I have a strong belief in HTML that means something. HTML can be viewed as a vessel for delivering content; however, HTML- and especially more so with HTML5- defines a mechanism with which we can not only deliver content, but describe what the content is. This is what is called semantic markup; it is not an obtuse buzzword, but rather an important design methodology.
It is easy to fall into one of two pitfalls: "just get the thing done" and "write the minimal amount of code possible". One is caused by a developer who does not understand (or does not care to understand) the importance of markup; one is caused by a developer who is foregoing semantics in favor of misguided "efficiency" gains, whether personally (writing less code) or for the server (sending less code.) However, in the long run, this serves only as a barrier to maintainance and usability.
There was a large movement towards using
div tags for markup, moving away
from monolithic table-based markup. This was done in order to reduce the
coupling between styles and content, making changes easier, content easier
to consume, and code easier to maintain. It also allowed designs to be fluid,
flowing around the content rather than constraining content into boxes. Instead
of shuffling table cells, we now only have to switch out a class, or in extreme
examples, the order of a few
div containers in order to update a design. This
was an important step forward in the evolution of modern web development.
However, while progressive, divs were found to be meaningless. No reasonable
heirarchy of data could be constructed; a side-bar was virtually indistinguishable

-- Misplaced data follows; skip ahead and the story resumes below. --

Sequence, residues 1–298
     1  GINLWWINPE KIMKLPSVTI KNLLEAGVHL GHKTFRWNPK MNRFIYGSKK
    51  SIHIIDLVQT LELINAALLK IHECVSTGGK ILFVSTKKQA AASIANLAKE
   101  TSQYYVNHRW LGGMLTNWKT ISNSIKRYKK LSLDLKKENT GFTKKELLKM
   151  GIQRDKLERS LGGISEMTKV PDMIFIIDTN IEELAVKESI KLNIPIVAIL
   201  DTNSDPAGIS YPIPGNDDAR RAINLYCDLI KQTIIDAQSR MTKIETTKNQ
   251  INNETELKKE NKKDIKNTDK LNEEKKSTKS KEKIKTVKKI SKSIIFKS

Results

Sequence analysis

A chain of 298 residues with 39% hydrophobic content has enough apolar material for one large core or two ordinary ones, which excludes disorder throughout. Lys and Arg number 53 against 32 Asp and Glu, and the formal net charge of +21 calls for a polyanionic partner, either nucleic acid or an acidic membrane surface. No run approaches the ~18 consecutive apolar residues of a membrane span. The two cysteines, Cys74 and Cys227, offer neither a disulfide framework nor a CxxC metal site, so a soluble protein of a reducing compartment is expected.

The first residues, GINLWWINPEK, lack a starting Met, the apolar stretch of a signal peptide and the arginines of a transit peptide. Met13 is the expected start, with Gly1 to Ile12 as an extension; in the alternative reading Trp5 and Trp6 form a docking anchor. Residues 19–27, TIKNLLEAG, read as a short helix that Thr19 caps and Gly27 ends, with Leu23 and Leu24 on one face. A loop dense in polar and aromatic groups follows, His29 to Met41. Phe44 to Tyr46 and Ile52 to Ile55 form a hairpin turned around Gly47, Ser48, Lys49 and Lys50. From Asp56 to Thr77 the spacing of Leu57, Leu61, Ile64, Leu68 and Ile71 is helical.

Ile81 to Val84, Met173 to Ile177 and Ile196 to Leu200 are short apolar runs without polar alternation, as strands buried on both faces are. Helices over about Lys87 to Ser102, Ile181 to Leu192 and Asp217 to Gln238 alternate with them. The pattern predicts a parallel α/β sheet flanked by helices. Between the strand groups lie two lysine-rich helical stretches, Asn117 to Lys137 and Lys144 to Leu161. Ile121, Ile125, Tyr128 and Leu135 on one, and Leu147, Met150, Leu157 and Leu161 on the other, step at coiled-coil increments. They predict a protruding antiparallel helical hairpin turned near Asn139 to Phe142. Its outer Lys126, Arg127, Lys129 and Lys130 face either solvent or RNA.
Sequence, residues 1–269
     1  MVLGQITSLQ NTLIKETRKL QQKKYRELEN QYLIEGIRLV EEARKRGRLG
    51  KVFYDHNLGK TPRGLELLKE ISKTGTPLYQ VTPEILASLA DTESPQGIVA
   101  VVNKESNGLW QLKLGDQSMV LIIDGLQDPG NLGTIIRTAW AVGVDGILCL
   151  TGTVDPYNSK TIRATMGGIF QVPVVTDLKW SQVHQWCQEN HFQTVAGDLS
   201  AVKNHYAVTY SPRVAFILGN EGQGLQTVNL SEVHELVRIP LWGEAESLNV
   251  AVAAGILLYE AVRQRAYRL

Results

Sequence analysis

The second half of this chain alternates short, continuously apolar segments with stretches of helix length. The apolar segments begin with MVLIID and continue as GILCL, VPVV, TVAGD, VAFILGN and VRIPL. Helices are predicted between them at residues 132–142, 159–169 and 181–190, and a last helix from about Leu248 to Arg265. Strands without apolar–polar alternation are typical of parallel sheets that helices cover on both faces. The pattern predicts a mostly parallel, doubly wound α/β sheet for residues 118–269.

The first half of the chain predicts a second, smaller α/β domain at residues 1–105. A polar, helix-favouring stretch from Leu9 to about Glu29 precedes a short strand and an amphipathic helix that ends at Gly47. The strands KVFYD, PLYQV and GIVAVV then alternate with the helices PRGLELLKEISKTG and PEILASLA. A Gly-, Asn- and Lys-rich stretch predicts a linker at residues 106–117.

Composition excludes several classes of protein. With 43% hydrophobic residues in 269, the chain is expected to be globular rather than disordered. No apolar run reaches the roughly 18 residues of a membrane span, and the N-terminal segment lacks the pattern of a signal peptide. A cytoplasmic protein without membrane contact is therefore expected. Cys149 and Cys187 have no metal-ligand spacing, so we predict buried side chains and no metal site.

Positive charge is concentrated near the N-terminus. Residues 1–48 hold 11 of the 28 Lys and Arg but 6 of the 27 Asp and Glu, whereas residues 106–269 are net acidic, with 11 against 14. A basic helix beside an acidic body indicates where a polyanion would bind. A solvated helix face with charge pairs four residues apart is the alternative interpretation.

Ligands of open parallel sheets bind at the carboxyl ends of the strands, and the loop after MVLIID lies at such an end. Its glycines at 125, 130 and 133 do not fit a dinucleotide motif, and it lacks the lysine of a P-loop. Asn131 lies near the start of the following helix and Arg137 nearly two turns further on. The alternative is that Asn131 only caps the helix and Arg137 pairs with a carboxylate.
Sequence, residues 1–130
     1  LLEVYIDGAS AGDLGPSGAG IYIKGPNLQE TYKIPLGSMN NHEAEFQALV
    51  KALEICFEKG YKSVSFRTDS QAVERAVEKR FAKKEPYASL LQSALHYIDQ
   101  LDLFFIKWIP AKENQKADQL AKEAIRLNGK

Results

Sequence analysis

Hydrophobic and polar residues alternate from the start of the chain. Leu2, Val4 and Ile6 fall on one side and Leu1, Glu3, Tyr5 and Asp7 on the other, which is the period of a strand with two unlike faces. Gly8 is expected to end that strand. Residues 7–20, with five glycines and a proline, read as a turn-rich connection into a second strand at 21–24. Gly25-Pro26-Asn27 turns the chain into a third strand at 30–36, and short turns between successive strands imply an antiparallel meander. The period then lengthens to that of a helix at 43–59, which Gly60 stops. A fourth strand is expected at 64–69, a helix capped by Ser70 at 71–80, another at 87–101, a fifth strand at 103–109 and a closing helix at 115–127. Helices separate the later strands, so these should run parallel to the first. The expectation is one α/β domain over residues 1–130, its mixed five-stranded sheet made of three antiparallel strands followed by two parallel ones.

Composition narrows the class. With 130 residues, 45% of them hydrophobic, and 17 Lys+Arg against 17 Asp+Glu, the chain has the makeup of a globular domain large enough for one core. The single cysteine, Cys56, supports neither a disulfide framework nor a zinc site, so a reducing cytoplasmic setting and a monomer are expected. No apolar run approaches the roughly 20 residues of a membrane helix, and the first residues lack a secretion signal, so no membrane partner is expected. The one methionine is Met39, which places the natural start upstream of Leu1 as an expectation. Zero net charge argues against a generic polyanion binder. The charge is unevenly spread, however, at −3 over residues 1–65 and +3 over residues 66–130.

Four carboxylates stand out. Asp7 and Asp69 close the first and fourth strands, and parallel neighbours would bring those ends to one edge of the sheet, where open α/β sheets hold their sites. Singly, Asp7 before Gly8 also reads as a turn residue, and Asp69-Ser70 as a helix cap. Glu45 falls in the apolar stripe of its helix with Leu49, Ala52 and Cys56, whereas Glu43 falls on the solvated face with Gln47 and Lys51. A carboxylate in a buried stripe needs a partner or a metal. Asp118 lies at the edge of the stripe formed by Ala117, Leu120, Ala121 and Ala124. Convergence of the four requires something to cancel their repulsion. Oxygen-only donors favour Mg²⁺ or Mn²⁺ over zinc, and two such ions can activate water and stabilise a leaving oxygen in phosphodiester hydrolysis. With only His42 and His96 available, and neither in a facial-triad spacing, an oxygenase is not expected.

from main content, a site's heading didn't stand out except through primitive
HTML5 then gave us elements such as
aside, and more; new properties and attributes such as input types
and input placeholders; and more (which you can read about in the
W3C Specs and at the excellent
html5 doctor. html5- true html5, not
"marketing buzzword" html5- has a rich and beautiful focus on semantic markup
that allows for clear consumption and maintainance of content.
It is not only html5 that has semantic meaning, though; looking back through
html4 and earlier iterations gives us examples of
hr for splitting content
table for data,
form for form,
a for links. Many of these base
tags are, however, ignored or forgotten in return for generic
built using generic elements, and images are simply
div tags with background
images. We have begun to lose meaning not only to the browsers that consume our
content, but also to ourselves, as developers. With semantic elements, one can
article tag and understand where it begins and ends without following
a chain of generic
div tags; with a
form, one can understand that its
contained inputs are part of a collection to be submitted, rather than a random
cluster of inputs, any of which might be sent out to a server; with an
know it goes somewhere, and with a
button, we know it performs an action.
Semantically relevant code is both code and documentation. With consistency,
we have to write. Instead of coupling our styles to our code, as we may have
coupled our content to tables in the past, let us define code that uses
elements that can describe what the content is. Style a
time element instead
coerced into acting like buttons.
Thus we may reduce our code and provide meaning to our content, while providing a normalized experience to machines who read our content, be they search engines, browsers, or screen readers.
This post is dedicated to my colleague, Tony DeSylva, for whom I wrote this.